The Scottish government has given the go-ahead to two wind power projects, including one held up in the planning system for five years, that could supply enough clean energy for about 43,000 homes, it said on Friday.
The 29-turbine Berry Burn wind farm near Forres will have a capacity of 78 megawatts (MW), while a 15-MW expansion of the 20-turbine Millennium wind farm near Fort Augustus will increase the capacity to 65 MW.
"I am delighted to approve further investment to develop our vast natural potential, create more jobs and fuel the clean, green energy revolution," Energy Minister Jim Mather said.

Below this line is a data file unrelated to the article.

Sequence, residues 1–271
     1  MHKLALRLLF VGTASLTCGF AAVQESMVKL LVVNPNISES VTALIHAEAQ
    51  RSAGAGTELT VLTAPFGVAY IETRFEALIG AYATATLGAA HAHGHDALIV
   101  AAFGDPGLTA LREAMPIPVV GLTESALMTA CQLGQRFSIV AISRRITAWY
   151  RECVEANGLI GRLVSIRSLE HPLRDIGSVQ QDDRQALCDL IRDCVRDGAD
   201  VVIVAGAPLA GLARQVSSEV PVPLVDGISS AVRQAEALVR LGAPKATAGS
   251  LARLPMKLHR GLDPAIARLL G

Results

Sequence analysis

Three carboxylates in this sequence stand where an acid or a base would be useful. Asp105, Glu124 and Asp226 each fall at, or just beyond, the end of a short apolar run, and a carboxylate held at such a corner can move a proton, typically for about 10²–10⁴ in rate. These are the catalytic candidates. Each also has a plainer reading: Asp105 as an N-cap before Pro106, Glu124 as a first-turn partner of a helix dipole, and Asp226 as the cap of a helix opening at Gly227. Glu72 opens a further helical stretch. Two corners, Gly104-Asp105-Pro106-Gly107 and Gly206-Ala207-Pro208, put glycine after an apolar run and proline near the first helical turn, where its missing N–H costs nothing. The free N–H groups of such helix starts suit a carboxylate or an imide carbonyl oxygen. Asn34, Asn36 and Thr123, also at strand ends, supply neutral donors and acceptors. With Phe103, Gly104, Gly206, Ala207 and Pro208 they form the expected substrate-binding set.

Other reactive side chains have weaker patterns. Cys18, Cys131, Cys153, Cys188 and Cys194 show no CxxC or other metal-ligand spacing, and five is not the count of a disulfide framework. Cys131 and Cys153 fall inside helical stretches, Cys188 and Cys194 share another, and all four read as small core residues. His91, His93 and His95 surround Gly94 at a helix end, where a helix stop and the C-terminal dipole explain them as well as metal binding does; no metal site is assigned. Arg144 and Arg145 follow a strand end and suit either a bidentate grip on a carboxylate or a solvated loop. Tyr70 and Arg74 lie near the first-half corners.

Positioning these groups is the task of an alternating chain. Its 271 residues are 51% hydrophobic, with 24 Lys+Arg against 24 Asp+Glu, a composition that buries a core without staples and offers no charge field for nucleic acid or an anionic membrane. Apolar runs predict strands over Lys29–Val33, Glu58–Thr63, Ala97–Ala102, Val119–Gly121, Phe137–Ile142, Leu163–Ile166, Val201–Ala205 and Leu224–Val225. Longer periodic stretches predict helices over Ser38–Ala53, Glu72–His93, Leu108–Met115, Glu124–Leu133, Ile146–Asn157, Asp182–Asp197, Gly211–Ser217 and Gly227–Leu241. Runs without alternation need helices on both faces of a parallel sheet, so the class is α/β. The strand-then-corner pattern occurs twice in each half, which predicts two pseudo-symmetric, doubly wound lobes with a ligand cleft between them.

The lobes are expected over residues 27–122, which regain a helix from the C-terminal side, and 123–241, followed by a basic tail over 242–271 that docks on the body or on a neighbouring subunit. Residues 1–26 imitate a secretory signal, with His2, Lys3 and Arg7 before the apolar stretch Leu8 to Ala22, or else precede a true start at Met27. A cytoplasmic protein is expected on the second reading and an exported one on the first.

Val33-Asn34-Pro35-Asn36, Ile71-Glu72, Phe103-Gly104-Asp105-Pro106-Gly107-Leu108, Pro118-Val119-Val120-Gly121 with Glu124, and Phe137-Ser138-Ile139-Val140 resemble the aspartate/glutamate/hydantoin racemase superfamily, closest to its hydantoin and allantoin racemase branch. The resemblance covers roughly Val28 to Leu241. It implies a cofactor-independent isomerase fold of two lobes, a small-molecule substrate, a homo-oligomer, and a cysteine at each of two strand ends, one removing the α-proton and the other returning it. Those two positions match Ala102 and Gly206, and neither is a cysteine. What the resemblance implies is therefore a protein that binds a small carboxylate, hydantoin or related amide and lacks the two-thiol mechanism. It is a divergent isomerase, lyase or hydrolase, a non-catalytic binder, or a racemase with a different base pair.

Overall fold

"Renewable energy is a key sector for Scotland and will help drive our economic recovery."
In contrast to legislators in London, Scotland has ruled out building new nuclear power plants to replace its aging reactors and plans to meet half of its electricity demand from renewables by 2020.
"Our comprehensive climate change laws demand that we continue to support good projects that reduce emissions and help Scotland become a global role model for a sustainable, low carbon economy," Mather said in a statement.
Total installed renewables capacity in Scotland is over 3 gigawatts (GW).
Catamount Energy and Force 9 Energy applied for consent for the Berry Burn wind farm in 2004 but the project was held up by objections from anglers and environmentalists.
Millennium Wind Energy Limited applied for consent to add six turbines in Janury 2009.